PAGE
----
Postcards from the Border

April 25, 2018
A gallery of photos taken at the border of Mexico y GuatemalaA gallery of photos taken at the border of Mexico y GuatemalaA gallery of photos taken at the border of Mexico y GuatemalaA gallery of photos taken at the border of Mexico y GuatemalaA gallery of photos taken at the border of Mexico y GuatemalaA gallery of photos taken at the border of Mexico y Guatemala
Photos by Lucia Duero
“Postcards from the Border” contemplates the southern Mexico–Guatemala border, where the biggest detention center in Latin America is located. The author makes a parallel with her own border of languages that she crosses in every word.

 

I wonder what really brings me to this hub of chaos, commerce, heat, corruption, danger, hope, confusion. Do they belong to the place, or to me? Are we reflecting each other?

This text is being written in English, but I know not why, for its experience comes from Spanish. I, too, speak from the border of my languages.

It’s the language that brought me to borderlessness as I swiftly move from one word in Spanish to another word into English, through Slovak, finally landing in a sentence, for a while.

A little Guatemalan boy looks around in search of a customer. He approaches me and offers me a candy, in Spanish. This part of Mexico used to be Guatemala, and this boy, like many others, ignores the geopolitical realities of his own time. In 1881 President Justo Rufino Barrios attempted for the last time to regain the region of Soconusco and the state of Chiapas for Guatemala but failed, and in 1882 Guatemala permanently renounced the rights to these territories in favor of the United States of Mexico. The northern border of Mexico has a similar past, where in 1848, after the Mexican-American War, known in Mexico as the “American Intervention in Mexico,” Mexico lost nearly half its territory, nowadays the states of California, Nevada, Utah, New Mexico, Texas, and parts of Arizona, Colorado, Wyoming, Kansas, and Oklahoma. Nearly all of them bear Spanish or indigenous names today, but the meaning of the names is no longer visible, it’s lost in time. Languages still cross one another; Spanish is an everyday reality in border states.

What’s the name of this nine-year-old boy? He undertook the journey to earn and save money and to return to the place he doesn’t call a country when school or harvest begins. He does not use terms like Mexico or Guatemala. He crosses the river Suchiate at a 956-kilometer-long border between two countries, on the Mexican side with the states of Chiapas, Tabasco, and Campeche, on the Guatemalan side with the districts of San Marcos, Huehuetenango, Quiché, and Petén. This border is the place of most of the trade between Guatemala and Mexico, and the entirety of Central America.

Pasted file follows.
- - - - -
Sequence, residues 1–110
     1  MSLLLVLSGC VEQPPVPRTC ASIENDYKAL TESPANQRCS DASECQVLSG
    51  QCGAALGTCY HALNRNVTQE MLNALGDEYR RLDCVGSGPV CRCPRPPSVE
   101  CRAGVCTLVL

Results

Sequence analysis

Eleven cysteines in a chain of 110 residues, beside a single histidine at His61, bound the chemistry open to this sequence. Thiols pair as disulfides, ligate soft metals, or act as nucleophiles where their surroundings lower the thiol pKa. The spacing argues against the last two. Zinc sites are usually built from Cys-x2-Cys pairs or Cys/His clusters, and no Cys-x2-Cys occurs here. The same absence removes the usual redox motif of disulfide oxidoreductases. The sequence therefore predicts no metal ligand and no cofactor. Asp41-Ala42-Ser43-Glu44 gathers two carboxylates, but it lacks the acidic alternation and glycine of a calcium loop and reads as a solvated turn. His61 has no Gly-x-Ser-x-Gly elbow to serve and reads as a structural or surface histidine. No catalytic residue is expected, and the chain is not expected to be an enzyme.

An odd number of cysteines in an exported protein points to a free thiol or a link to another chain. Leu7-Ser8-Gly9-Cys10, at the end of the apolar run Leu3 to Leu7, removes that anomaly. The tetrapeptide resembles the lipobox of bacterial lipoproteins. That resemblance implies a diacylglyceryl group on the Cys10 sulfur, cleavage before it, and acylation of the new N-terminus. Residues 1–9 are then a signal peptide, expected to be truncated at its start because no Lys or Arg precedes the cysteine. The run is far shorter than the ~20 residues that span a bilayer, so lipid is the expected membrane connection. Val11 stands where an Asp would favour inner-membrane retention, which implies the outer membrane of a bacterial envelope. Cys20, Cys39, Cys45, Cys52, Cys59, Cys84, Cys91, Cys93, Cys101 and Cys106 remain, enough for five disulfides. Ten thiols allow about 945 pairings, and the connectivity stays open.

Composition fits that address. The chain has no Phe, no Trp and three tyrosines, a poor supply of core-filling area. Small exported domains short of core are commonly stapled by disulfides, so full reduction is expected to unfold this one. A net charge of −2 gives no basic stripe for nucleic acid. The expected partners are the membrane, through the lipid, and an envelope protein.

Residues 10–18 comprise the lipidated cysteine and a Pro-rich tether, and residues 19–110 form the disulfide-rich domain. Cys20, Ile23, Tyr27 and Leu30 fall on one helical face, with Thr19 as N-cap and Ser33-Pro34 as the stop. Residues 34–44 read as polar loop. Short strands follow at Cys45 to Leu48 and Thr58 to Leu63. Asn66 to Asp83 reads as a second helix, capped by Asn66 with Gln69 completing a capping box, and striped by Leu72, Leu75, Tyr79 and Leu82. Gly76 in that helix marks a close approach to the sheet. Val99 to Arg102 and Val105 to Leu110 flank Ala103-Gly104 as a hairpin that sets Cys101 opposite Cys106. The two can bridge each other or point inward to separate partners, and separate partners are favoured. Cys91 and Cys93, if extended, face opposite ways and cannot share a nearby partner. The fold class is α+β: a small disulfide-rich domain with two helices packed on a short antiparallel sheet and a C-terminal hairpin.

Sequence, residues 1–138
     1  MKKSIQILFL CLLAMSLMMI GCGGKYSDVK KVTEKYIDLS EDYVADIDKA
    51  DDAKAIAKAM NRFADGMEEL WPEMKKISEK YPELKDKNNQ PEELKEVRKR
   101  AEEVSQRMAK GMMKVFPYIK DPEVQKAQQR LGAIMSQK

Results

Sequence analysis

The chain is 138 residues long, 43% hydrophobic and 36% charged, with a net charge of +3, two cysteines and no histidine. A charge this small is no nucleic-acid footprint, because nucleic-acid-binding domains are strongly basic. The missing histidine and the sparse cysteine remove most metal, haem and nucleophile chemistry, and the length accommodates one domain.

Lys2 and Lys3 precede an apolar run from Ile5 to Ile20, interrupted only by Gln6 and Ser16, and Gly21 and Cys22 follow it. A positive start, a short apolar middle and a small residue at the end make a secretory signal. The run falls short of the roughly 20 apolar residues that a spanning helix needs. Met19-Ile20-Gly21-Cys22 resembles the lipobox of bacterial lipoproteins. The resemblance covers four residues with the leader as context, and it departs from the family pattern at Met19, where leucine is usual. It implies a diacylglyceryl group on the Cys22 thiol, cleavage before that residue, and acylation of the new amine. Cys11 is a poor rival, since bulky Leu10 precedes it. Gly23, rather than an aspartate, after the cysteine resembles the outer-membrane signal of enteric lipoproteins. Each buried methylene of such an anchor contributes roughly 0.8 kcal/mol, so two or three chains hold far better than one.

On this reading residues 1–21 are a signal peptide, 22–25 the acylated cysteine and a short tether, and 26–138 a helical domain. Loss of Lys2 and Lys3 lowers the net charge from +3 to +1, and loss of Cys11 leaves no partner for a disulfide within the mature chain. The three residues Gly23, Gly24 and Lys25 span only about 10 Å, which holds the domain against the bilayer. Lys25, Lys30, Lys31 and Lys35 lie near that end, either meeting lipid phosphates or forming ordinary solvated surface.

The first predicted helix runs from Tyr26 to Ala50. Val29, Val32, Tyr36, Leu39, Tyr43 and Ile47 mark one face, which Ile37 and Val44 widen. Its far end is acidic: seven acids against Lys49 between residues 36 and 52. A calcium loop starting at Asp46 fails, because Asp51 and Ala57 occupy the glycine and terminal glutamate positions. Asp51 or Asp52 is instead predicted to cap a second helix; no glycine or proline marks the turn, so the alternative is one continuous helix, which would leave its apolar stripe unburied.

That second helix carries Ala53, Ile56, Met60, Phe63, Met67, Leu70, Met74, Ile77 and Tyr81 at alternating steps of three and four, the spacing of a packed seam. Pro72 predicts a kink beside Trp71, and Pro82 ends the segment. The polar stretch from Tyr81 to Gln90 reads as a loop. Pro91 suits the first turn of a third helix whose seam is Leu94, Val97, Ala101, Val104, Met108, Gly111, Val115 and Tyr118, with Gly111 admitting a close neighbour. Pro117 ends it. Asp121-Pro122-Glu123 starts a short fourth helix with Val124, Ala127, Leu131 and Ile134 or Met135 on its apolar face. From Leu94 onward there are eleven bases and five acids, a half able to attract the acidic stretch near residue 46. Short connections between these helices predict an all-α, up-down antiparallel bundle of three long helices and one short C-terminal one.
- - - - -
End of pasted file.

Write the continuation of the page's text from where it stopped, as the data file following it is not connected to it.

America is a continent, not a state, but the choice of words subconsciously reveals other realities.

This border is also a home to the Maya civilization that used to inhabit the territories of Mexico, Guatemala, Honduras, Belize, and El Salvador. And languages? Until 2003 Guatemala officially recognized the existence of twenty-two Maya languages, while Mexico formally approved another eight Maya languages. It’s the only border that has no language.

How does a child cross a border? We don’t know. He does not reveal, nor do the others. Did he pay a trafficker? Was he lucky enough that he wasn’t kidnapped or killed or sold for organs or prostitution? He is here, he became the master of the street, he even owns a trolley to carry his candies.

Karla, who brings food to children in ecological containers twice a week, is one of the few to leave the traditional ideology and education of the noneducated. She serves them food, organizes weekend recreational activities, and understands that preaching about the need to visit a school to a working nine-year-old boy helping a family survive is out of his reality.

Then there are others who are stuck in the biggest detention center in Latin America. “Not a day passes that I do not see an American official over there,” comments one of the researchers of an NGO working in Tapachula, clarifying who is the boss of this border.

Speaking against the network, you always risk a bullet.

And who are these people? What are they looking for? A family escaping from the misery of the warlike situation in Honduras, currently one of the most dangerous countries in Latin America, full of crime built on the ruins of military dictatorships and foreign interventions. When foreign interventions are being discussed, it refers to the American ones—in English, in Czech, in Slovak, but in Spanish, estadounidense—as American is the abducted name of the entire American continent, the word appropriated by the United States of America. America is a continent, not a state, but the choice of words subconsciously reveals other realities.

None of the translations means anything specifically: American should refer to the whole of America, that is to say, no specific place. Estadounidense is an adjective from los Estados Unidos (United States). We do not have a translation for the word by which the rest of the American continent calls the USA.

Back to death and fleeing: San Pedro Sula in Honduras belongs to the third most dangerous city in the world, with 112.09 murders per 100,000 inhabitants, followed by the capital of Honduras (85 murders per 100,000 inhabitants).